57 Hardtop 302 & 3 Speed OD
93 Camaro Z28 Indy Pace Car


 
2Loose 
"14th Year" Platinum Supporting Member
Posts: 4331
2Loose
Age: 76
Loc: Sandwich Isles
Reg: 03-17-03
02-08-18 11:17 AM - Post#2723760    
    In response to WagonCrazy

I have some of those same questions, am learning, will let you know as/if I can come up with some reasonable information.

The best I've been able to come up with now, is that this speed density efi system depends on very rapid fuel pressure adjustments as the fuel demand at the injectors changes. I'm now advised to set my Aeromotive pressure at 46 psi, mount it close to the motor, leave the Aeromotive vacuum port open to ambient pressure, and as that fixed fuel rail return pressure regulator is set at 42 psi, it constantly bleeds off 4 psi to the return line from the fuel rails, and the vacuum port will increase that slightly when the vacuum drops in the plenum upon acceleration, trying to offset a fuel lean situation at sudden acceleration. Hence the fuel return line at the fuel rails, and the slightly higher pressure feed into the fuel rail system.

At least that's my understanding at the moment, and this is all new info for me, I've never done an efi system before.
Willy



 
2Loose 
"14th Year" Platinum Supporting Member
Posts: 4331
2Loose
Age: 76
Loc: Sandwich Isles
Reg: 03-17-03
02-18-18 07:32 PM - Post#2724814    
    In response to 2Loose

Lots of family visiting, difficult to get any real time out in the shop.

Still checking out the fuel efi setup, just how I want to try it.



 
vabeach56wagon 
Valued Contributor
Posts: 3092
vabeach56wagon
Loc: Chesapeake,VA,
Reg: 04-22-02
04-16-18 11:40 AM - Post#2731172    
    In response to 2Loose

Before it's too late, please consider mounting your lines on the exterior of the frame, as the NHRA used to require. I ran a similar AN-8 set on the wagon and crossed over the frame just aft of the upper control arm.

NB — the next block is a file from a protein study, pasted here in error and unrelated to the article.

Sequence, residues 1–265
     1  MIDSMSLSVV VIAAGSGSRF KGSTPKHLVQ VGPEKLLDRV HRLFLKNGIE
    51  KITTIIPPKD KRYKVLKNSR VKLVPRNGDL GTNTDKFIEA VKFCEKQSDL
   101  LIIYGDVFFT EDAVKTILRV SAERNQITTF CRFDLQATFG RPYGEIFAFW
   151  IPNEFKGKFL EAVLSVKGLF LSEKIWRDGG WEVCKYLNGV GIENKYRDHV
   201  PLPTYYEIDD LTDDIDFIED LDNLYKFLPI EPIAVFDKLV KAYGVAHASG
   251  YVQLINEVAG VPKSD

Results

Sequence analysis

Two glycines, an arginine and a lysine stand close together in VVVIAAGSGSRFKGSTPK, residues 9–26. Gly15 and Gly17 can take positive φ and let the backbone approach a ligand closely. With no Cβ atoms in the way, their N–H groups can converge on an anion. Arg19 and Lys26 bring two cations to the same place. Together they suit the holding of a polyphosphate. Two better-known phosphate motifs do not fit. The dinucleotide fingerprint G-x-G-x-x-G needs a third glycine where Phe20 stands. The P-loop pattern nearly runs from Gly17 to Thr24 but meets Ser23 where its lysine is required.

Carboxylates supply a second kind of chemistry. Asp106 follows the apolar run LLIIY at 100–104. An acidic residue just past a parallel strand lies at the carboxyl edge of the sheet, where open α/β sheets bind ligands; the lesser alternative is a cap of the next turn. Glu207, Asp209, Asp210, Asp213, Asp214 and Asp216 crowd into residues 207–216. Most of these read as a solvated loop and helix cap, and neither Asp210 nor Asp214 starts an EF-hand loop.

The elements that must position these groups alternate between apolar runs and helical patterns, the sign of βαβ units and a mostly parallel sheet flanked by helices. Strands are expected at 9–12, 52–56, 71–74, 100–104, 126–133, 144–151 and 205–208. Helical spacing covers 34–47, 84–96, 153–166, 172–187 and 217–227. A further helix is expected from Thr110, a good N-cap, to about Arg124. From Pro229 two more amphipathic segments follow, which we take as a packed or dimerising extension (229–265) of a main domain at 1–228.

Relocated all brake lines to the outside of the driver side of the frame also.

"Gobstomper": '56 210 9 passenger wagon.


Gobstomper Photo Site

Mechanical Music


 
2Loose 
"14th Year" Platinum Supporting Member
Posts: 4331
2Loose
Age: 76
Loc: Sandwich Isles
Reg: 03-17-03
06-06-18 11:59 AM - Post#2736154    
    In response to vabeach56wagon

Too many delays in my life right now, but am getting back on it and will post some pix soon...

I don't plan on racing this car, and with my adult kids and my wife driving it, I wanted the fuel lines protected by the frame rails in the event of a side impact on this car. I'll protect them from the heat, don't think it will be hard to do.

More soon...
Willy

UPDATE:
Finished fitting and hanging the mufflers, a pair of long body 2-1/2" glasspaks, will probably be loud !!!


MORE pix here



Edited by 2Loose on 06-07-18 12:07 PM. Reason for edit: finally got some new pix...

 
2Loose 
"14th Year" Platinum Supporting Member
Posts: 4331
2Loose
Age: 76
Loc: Sandwich Isles
Reg: 03-17-03
06-21-18 07:01 PM - Post#2737863    
    In response to 2Loose

Too many delays in my life right now, but am getting back on the '55 HT project.......
Willy

UPDATE:
Finished fitting and hanging the mufflers, a pair of long body 2-1/2" glasspaks, will probably be loud !!!


MORE pix here

As I rebuilt the floors in the '55 HT as piece work, using galv. 20 ga, there's a lot of welding slag, etc underneath needed cleaning up...
So I have been laying under the body on a creeper, grinding, smoothing, seam sealing, and will do a fresh undercoat. Nasty work, head all covered, breathing protection, am covered head to toe with dirt when I scuttle back out from under there...



One of the rear wheel tubs cleaned and ready for seam sealer, then undercoating...





 
WagonCrazy 
"11th Year" Platinum Supporting Member
Posts: 3075
WagonCrazy
Loc: So Cal
Reg: 06-07-05
06-21-18 10:41 PM - Post#2737878    
    In response to 2Loose

Oh man, that's hard work Willy. Especially the part where you have to get under there and then get back up off the ground.

You need a lift and or a rotisserie.

57 Nomad -LS1 with C4 suspension
59 Apache Fleetside Shortbed BigWindow